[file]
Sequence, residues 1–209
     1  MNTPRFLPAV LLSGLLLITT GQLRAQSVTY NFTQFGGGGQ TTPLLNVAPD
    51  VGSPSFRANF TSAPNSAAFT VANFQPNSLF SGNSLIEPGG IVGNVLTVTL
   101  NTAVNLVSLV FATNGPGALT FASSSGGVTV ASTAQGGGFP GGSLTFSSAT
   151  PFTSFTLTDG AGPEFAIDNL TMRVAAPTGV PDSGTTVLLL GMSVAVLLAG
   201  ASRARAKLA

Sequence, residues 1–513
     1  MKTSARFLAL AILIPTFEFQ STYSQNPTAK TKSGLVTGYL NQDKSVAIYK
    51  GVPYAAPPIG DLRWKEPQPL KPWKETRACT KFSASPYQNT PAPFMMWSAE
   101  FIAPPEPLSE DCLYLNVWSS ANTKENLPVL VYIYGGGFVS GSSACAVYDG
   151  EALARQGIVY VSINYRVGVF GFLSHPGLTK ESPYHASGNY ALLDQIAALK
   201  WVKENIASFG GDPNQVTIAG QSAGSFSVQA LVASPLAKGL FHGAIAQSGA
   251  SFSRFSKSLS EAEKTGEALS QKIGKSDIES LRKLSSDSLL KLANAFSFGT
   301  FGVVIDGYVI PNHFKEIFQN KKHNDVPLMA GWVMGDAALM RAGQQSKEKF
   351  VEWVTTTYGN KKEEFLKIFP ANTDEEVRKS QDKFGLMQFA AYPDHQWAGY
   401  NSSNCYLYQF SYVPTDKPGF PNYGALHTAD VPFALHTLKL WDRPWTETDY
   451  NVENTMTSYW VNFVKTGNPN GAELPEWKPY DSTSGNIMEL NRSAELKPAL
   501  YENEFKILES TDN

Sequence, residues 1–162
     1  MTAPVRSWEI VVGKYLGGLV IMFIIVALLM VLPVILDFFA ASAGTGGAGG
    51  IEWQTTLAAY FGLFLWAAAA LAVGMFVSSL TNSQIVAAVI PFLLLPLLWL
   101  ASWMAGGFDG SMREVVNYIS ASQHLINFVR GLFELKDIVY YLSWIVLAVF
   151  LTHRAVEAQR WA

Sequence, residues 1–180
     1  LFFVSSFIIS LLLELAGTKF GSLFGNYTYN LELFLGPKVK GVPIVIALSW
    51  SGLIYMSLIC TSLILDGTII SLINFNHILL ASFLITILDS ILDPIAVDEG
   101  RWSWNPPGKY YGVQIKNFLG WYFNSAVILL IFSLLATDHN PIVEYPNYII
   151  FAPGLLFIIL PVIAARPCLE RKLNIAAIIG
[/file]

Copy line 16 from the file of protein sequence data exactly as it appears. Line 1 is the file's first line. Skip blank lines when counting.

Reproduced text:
   401  NSSNCYLYQF SYVPTDKPGF PNYGALHTAD VPFALHTLKL WDRPWTETDY